Previous evidence for co-existence was basically between Europe and Western Asia and adjacent parts of Africa, but what this suggests is that the geographical range of co-existence spread all the way across Asia, which is an enormous differenceFossils double age of humans in Asia Oct 26, 2010
There are some archaic features in the specimen and that suggests to us that these are not just simply modern humans coming out of Eastern Africa, but somewhere along the way they probably intermixed with regional groups of archaic humansFossils double age of humans in Asia Oct 26, 2010
Erik Trinkaus, PhD, (December 24, 1948) is a prominent paleoanthropologist and expert on Neanderthal biology and human evolution. Trinkaus researches the evolution of the species Homo sapiens and recent human diversity, focusing on the paleoanthropology and emergence of late archaic and early modern humans, and the subsequent evolution of 'anatomically modern' humanity. Trinkaus is a member of the National Academy of Sciences, a contributor to publications including Natural History and Scientific American, and is frequently quoted in the popular media. Trinkaus is the Mary Tileston Hemenway Professor of Physical Anthropology at Washington University in St. Louis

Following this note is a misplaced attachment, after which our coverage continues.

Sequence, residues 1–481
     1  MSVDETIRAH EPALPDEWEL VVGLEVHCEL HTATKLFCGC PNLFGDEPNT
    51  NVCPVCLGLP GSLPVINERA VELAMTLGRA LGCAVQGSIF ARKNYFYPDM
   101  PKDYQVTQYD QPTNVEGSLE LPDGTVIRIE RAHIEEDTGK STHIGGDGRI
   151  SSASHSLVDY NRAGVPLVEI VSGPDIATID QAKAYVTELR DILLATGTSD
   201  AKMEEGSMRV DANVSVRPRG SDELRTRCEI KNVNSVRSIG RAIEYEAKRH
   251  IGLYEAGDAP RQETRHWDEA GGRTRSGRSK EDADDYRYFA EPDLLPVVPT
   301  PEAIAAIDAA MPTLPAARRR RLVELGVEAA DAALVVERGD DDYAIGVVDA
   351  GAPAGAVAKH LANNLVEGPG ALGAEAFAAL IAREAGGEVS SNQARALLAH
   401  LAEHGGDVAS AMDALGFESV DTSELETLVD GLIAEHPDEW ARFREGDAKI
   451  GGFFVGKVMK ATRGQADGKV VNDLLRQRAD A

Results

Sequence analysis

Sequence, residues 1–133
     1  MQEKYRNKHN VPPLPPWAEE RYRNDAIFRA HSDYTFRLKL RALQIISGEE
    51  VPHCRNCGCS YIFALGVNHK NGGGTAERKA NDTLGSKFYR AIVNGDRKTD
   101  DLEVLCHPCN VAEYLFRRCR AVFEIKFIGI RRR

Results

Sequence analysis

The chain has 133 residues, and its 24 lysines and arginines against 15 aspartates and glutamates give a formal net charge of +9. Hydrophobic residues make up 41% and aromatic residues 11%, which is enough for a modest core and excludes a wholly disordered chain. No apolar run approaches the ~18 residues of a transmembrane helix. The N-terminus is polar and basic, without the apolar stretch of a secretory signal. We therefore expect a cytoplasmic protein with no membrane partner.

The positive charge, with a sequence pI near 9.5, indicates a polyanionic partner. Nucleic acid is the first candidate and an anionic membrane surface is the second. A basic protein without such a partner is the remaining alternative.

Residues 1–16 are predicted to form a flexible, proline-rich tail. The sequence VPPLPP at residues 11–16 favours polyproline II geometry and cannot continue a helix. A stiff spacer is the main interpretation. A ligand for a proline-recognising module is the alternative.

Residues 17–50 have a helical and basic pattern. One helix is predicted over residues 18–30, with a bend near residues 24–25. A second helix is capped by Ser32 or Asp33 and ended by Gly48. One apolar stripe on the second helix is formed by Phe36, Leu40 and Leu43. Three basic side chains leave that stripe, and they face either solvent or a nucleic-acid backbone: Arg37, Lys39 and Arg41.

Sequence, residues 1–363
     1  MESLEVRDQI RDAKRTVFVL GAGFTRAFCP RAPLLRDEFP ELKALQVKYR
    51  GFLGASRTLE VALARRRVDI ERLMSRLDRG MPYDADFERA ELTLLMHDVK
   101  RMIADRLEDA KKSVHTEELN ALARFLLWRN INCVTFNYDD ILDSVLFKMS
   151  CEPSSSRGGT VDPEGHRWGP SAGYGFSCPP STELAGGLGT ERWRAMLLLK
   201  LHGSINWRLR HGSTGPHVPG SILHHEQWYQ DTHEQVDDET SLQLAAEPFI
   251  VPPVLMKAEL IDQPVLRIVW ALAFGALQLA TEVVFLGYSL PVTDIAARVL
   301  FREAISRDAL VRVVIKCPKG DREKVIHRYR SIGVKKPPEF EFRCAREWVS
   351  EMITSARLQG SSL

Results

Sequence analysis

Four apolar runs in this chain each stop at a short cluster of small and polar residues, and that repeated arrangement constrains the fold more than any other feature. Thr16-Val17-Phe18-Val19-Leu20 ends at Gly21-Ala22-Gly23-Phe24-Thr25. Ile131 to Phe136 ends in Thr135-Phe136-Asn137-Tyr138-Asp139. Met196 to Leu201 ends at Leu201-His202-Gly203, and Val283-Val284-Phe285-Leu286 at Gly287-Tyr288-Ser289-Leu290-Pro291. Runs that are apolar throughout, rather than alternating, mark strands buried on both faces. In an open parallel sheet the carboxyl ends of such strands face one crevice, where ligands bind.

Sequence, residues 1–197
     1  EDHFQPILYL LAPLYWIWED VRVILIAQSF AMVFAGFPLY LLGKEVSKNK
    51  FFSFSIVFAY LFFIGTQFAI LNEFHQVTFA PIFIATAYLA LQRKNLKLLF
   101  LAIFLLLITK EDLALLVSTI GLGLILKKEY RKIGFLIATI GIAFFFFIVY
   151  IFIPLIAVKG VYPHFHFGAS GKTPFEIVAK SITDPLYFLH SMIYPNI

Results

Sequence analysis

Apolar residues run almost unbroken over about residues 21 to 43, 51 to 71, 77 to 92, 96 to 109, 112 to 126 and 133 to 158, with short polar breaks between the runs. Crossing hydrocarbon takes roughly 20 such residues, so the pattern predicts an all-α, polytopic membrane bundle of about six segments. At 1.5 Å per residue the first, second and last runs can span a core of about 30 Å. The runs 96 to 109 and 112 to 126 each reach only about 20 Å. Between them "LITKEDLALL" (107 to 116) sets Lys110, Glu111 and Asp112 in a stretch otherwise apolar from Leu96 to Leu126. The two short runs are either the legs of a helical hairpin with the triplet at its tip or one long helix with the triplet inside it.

Trinkaus received his bachelor of arts degree in Art History and Physics from the University of Wisconsin–Madison, and his master's and PhD degrees in anthropology from the University of Pennsylvania, the latter in 1975.
Trinkaus' research has been a major contributor to current debates about human origins. Trinkaus supports theories related to various forms of multiregional evolution, a hypothesis held by a minority of scholars in the field of human evolution. Based on analysis of early human fossils from Europe, Trinkaus suggests that Neanderthals have made significant contributions to the gene pool of modern Europeans.